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I have a class called Location and I needed to add a CArray to its member variables. This change caused the need to overload the assignment operator.

Is there a way to copy all of the variables in this class type that were being copied before I made the change and just add the additional code to copy the CArray without copying every single member variable individually?

Location& Location::operator=(const Location &rhs) 
{
    // Only do assignment if RHS is a different object from this.
    if (this != &rhs) 
    {
        //Copy CArray
        m_LocationsToSkip.Copy(rhs.m_LocationsToSkip);

        //Copy rest of member variables
        //I'd prefer not to do the following
        var1 = rhs.var1;
        var2 = rhs.var2;
        //etc
    }

    return *this;
}
share|improve this question
    
So you want to, in effect, call the compiler-generated assignment operator? Does CArray have an assignment operator? – Seth Carnegie Jan 14 '12 at 23:46
    
It has a copy constructor but no assignment operator. I'm not sure that I can call the compiler generated assignment operator since I've added a CArray member variable. – Cole W Jan 14 '12 at 23:49
2  
No, you can't call the compiler generated one because it's not generated any more when you provide one (not because you added a CArray member; the only thing that changes is that the compiler generated one for your class can't call the one for CArray because it doesn't exist). I'm afraid there's no way to do this. – Seth Carnegie Jan 14 '12 at 23:51
up vote 4 down vote accepted

Yes, sort of. Use a type that overloads operator= itself, so you don't have to do it in the containing class instead. Even when writing MFC code, I still mostly use std::vector, std::string, etc., instead of the MFC collection and string classes. Sometimes you're pretty much stuck using CString, but I can't recall the last time I used CArray instead of std::vector.

share|improve this answer
    
I think this is the closest to what I need. Unfortunately the rest of the application uses mfc containers and I hate to change this to use an stl container. This is a good solution otherwise though. Thanks. – Cole W Jan 15 '12 at 0:18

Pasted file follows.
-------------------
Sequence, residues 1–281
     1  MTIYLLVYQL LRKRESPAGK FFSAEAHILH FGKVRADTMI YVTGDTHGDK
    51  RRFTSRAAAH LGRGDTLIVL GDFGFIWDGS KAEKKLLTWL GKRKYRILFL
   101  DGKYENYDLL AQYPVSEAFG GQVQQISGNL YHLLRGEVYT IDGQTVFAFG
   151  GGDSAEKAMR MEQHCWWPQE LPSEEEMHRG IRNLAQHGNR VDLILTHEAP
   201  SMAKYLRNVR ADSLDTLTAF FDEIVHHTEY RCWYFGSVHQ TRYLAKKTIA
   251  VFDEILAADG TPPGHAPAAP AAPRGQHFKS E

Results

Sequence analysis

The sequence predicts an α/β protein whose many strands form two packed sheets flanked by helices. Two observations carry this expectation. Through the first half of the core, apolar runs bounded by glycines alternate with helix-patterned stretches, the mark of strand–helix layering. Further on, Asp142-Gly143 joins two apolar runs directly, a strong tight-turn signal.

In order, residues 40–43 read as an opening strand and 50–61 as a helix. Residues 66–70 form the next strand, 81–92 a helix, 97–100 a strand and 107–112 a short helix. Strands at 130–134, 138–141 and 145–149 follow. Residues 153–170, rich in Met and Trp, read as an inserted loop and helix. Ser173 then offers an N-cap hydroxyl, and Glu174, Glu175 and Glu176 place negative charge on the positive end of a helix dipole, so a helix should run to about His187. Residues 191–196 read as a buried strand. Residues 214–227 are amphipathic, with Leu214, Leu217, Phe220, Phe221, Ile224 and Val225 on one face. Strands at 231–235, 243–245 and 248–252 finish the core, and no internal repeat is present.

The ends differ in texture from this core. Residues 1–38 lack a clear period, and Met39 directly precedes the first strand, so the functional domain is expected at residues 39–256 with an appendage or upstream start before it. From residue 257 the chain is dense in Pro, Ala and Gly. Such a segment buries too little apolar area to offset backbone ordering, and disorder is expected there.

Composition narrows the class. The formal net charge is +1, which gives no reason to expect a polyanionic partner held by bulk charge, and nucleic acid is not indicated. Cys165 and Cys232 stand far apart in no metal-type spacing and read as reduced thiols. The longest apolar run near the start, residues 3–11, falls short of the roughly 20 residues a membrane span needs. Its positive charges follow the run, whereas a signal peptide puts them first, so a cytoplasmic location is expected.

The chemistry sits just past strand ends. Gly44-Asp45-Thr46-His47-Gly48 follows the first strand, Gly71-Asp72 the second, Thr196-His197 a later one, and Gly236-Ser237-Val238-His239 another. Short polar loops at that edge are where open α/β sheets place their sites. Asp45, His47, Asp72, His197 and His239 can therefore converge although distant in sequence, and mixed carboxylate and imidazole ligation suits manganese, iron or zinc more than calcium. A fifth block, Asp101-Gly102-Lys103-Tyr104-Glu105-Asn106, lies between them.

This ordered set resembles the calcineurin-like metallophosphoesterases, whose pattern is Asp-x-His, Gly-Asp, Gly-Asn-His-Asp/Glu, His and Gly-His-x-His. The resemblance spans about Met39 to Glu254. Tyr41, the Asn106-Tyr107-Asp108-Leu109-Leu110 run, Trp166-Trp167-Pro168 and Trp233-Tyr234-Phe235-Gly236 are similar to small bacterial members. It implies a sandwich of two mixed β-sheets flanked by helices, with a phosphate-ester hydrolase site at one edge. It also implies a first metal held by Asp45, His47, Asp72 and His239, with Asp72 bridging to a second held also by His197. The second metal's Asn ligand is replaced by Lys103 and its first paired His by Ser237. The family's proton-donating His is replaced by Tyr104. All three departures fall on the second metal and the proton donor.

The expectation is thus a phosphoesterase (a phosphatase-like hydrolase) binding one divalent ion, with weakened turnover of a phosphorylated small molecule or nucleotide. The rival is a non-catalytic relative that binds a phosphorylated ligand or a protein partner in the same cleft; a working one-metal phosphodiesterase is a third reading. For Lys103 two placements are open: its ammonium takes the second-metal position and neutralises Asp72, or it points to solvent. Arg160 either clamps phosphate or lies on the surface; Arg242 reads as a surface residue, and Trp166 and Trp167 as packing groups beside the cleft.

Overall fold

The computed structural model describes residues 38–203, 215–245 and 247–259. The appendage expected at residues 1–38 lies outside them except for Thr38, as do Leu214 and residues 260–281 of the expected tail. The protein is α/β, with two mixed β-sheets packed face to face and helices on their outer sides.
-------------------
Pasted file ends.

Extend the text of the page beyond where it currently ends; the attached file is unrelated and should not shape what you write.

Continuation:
Yes. What I usually do is to put everything in a Members struct in the class except what is not copyable. Like this:

class Location
{
   struct Members
   {
      int var1, var2;
   };

   Members m;
   CArray m_LocationsToSkip;

public:
   Location& operator=(Location const& rhs);
};

Location& Location::operator=(const Location &rhs) 
{
    // Only do assignment if RHS is a different object from this.
    if (this != &rhs) 
    {
        //Copy CArray
        m_LocationsToSkip.Copy(rhs.m_LocationsToSkip);

        //Copy rest of member variables
        m = rhs.m; //will use Members automatically generated operator=
                   //which should do the correct thing because you only put
                   //normally copyable members in m
    }

    return *this;
}

I first posted about this here: What is your most useful C/C++ utility?

share|improve this answer
    
This seems like a decent solution but it would take quite a bit of refactoring across the rest of the application to support this. – Cole W Jan 15 '12 at 15:20
    
@Cole W: how so? your members are public and used everywhere in the application? In that case, another alternative would be to create a resource-managing class to englobe the CArray (somewhat the other way around than the example) so you would possibly have only one member that might need refactoring (possibly not depending on how it is used). I used that example with the struct because that's what I needed in my code (it was for pointer, not an array, and a smart pointer was not what I needed) but in your case, creating a resource-managing class for the CArray could be a better choice. – n1ckp Jan 15 '12 at 16:38

No you cant. Best way to do this is use script to generate real code.

share|improve this answer

This is usually done with what's called "copy and swap idiom". You implement a copy constructor and a swap() method that exchanges member values and, most importantly, pointers to external data. With that your assignment operator looks like:

C& C::operator=( const C& c ) {
    C tmp( c );
    this->swap( tmp );
    return *this;
}

You don't even need a self-assignment guard with this.

share|improve this answer
    
But now you have to enumerate all members in your swap implementation. This just moves the problem, it doesn't solve it. – Ben Voigt Jan 15 '12 at 3:16
    
Well, I don't see a problem here. Too many value members? Package them in a struct and just do an assignment if you are going for less typing. – Nikolai N Fetissov Jan 15 '12 at 6:14

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